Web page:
"In the beginner's mind
there are many possibilities, but in the expert's there are few." – Shunryu Suzuki
In July, I wrote about a fiction conference I attended, and how the
experience profoundly changed my relationship with writing. For those two
intensive days, I not only learned about the intricacies of character, story,
and world creation. I was reminded of
the ideal conditions for learning:
A sense of play.
something magical happens when you know that you don't know something. Not burdened by opinions, pride or beliefs, I
was fully present in the workshop. And I was able to listen– and hear– in
a way that I wouldn't have been in a voice or nonfiction writing class (two of
the fields I work in).
I’ve recently had similar 'a-ha' moments thanks to the cello, which I began
playing three months ago. Coming home
from a trip one day, there she stood next to my smiling husband, a red bow perched
on her neck.
say the cello is the instrument most like the human voice, which perhaps
explains why as a singer I have always been so drawn to it. The timbre is so rich, the resonance and sweet
melancholy fill and emanate from its wooden body the way they do from my
own. And I will never forget the first
time I played her; tears streamed down my face as the joy and wonder of making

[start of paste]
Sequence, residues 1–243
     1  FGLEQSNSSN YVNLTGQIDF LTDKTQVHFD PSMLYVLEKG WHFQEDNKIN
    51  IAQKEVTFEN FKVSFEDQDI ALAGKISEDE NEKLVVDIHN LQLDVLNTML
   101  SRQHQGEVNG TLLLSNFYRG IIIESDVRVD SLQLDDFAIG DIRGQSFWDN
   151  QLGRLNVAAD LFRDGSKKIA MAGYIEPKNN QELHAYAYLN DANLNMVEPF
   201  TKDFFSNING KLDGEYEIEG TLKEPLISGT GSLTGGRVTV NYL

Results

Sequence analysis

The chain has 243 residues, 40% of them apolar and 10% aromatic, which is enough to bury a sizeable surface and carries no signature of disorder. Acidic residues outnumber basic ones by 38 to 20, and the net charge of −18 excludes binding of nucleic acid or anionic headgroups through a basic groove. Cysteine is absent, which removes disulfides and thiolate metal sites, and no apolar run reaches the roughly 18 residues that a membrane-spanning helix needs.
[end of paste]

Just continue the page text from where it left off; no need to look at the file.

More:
music in this new way became possible.
wonder… the joy… Why is it often such a challenge to bring this experience
of learning to bear in areas about which we are already knowledgeable?
Back in July, I speculated that the main problem is living in a culture which
deems the acquisition of information to be of greater importance than the
process by which we acquire it. Both the
language and experience of mastery, achievement and expertise suggest the
sought-after arrival at an end point, rather than an ongoing process of
this view doesn’t tend to breed wonder, joy, and curiosity but rather, competition, closed-mindedness,
and even arrogance. To say nothing of
the stress, anxiety and lack of productivity that come from trying to do things
perfectly, lest we fall from our supposed pinnacle of distinction.
as a sponge can only take on water after being wrung out, so too must we be
able– regardless of our experience or education– to continually renounce our
own fullness, lest we become bloated and stale.
cello has been a powerful reminder of this lesson, both in my musical life and
beyond: it is surrender– of perfection,
of expectation, of resistance– that allows learning at every level and in every
area to become joyful and as a result, effective.
Originally published in Psychology Today
Labels: inspiring, learning, singing